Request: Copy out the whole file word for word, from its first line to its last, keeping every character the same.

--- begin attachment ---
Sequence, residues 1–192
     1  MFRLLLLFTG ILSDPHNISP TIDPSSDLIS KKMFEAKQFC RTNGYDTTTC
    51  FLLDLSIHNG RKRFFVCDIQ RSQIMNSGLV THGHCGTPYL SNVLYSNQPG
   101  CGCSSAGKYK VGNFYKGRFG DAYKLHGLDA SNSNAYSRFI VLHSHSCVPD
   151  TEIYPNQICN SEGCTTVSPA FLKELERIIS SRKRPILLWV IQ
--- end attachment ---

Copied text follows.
Sequence, residues 1–192
     1  MFRLLLLFTG ILSDPHNISP TIDPSSDLIS KKMFEAKQFC RTNGYDTTTC
    51  FLLDLSIHNG RKRFFVCDIQ RSQIMNSGLV THGHCGTPYL SNVLYSNQPG
   101  CGCSSAGKYK VGNFYKGRFG DAYKLHGLDA SNSNAYSRFI VLHSHSCVPD
   151  TEIYPNQICN SEGCTTVSPA FLKELERIIS SRKRPILLWV IQ